Postscript: Despite its dramatic beginnings, this cake was really good and went down a treat. Here is a quote kindly provided by Sam:
"It was a delicious cake with a rich, moist, chocolatey goodness about it.
It has quite a smooth texture and seemed to go down almost too well!!!
Can I get the recipe?"

Sunday, July 15, 2007

A Night In - Music and Lyrics

This post is a divergence from blogging about food, and concerns my night in last night. I watched Music and Lyrics on DVD, and absolutely loved it! I am a sucker for a good chick flick, and this was the best one that I have seen for a while. Sure, Music and Lyrics has some corny bits, and Hugh Grant has aged a little since my friends and I fell for him madly in Four Weddings and a Funeral, floppy fringe and all, but overall this movie was really enjoyable - funny, romantic and with a happy ending (yes, I can hear the guys out there heave a collective sigh of resignation/disgust).

There is also a great quote early on in the film which I wish to share with you. Sophie (Drew Barrymore) explains to Alex (Hugh Grant) why the melody is not more important than the lyrics in the song-writing process. Here is what she had to say:

A melody is like seeing someone for the first time - the physical attraction - sex ... But then, as you get to know the person, that's the lyrics, their story, who they are underneath. It's the combination of the two that makes it magic.

I love this quote, and I leave it with you as my thought for today.

Baked chicken and pumpkin risotto

I love risotto, but have only previously tried to make it twice myself, both while I was living in London about five years ago. The first time, I made a spinach and pancetta risotto using a recipe from a magazine issued by UK Safeway (now defunct), and the results were pleasing. Buoyed by this result, I tried to make Jamie Oliver's butternut pumpkin risotto, with disastrous results. It took forever to cut up a whole butternut pumpkin as required by the recipe, with me fearing that I'd amputate my fingers the whole time, and the end result was such a gloggy, tasteless mess that it went straight into the bin. I have since been shy of making my own risotto.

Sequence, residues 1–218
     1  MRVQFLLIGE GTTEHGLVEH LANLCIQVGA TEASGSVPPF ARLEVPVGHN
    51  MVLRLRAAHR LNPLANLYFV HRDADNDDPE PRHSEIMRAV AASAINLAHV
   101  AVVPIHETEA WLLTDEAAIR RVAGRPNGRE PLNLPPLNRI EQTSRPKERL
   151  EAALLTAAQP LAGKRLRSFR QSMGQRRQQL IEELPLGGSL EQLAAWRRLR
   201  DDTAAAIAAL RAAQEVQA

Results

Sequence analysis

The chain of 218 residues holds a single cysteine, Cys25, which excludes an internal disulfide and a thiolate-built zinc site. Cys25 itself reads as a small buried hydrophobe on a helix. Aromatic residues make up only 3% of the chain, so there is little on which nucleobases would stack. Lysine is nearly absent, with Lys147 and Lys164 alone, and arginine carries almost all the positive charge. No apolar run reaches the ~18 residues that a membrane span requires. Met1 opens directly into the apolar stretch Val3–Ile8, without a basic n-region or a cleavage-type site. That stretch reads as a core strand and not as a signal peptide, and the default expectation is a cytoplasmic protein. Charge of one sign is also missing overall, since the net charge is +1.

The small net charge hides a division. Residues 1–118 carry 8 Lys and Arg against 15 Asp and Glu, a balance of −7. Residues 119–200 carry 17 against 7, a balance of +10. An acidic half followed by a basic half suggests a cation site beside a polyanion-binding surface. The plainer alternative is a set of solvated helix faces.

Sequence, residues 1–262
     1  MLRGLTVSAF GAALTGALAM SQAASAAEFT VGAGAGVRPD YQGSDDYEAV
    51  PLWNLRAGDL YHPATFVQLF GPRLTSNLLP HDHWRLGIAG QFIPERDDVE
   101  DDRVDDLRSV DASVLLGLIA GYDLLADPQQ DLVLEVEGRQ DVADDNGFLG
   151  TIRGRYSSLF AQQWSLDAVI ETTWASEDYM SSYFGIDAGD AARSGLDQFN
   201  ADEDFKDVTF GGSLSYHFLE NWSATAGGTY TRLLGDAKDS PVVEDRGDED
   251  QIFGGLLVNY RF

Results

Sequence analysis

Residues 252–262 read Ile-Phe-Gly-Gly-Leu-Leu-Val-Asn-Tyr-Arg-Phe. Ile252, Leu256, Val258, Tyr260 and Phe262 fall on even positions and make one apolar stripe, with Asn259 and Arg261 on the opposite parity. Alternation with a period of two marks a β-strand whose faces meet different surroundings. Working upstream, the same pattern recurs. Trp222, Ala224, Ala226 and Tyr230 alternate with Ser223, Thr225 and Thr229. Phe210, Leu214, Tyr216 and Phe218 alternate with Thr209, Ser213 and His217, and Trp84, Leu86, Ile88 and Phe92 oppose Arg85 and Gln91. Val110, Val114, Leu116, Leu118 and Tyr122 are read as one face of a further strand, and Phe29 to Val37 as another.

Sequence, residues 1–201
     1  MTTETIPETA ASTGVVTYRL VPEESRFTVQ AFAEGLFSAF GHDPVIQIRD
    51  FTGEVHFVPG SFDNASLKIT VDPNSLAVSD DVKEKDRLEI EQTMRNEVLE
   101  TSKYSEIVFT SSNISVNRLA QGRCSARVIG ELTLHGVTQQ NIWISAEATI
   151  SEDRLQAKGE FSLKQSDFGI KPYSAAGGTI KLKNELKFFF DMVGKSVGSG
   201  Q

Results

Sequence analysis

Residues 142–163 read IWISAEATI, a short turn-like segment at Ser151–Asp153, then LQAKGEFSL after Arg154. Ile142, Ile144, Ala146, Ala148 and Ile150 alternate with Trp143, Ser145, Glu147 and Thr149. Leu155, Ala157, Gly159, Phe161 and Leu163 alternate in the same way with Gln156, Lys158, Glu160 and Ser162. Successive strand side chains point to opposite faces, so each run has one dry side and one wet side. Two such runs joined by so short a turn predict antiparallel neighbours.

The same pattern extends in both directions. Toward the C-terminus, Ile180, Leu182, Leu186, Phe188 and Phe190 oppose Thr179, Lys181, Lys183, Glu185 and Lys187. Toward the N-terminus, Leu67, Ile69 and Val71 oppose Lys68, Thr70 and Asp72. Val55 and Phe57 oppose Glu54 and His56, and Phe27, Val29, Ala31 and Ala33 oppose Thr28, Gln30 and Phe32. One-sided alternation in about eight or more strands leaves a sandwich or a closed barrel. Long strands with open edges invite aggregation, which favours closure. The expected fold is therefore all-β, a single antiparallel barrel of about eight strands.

However, I have recently seen numerous recipes for baked risotto, which eliminate the crucial but tedious task of assisting the rice to absorb liquid via the stove-top method. When I saw Emma's yummy looking baked chicken and pumpkin rissotto at The Laughing Gastronome (the recipe is here), I was enticed to try the culinary equivalent of bungy jumping and attempt to make risotto again - and I am glad that I did!

Doesn't this look fantastic! And it tasted just as good as it looks. The risotto is based on chicken stock, which gives it a nice flavour, and it worked even though I used rose wine instead of white wine as required by the recipe (hey, I didn't have any white!). I am also a fan of the juicy sweetness of japanese pumpkin, which makes me laugh considering that I wouldn't touch the stuff until I lived in a University college and had to eat it or starve.

This risotto is the perfect comfort food for a cold winter's night - I highly recommend giving it a go. And because it is baked, you just stick it in the oven and let it look after itself - no more tedious stirring and coaxing for the rice to absorb liquid on a stovetop. Brilliant!

Saturday, July 14, 2007

Nihowera's Mid-winter Christmas Feast 2007 - Christmas Pudding and Other Treats

Nihowera, contributed to by Bron and Emma, is hosting a Mid-winter Christmas Feast. I love Christmas and the festivities associated with it, so an opportunity to experience Christmas twice in one year is too good to miss!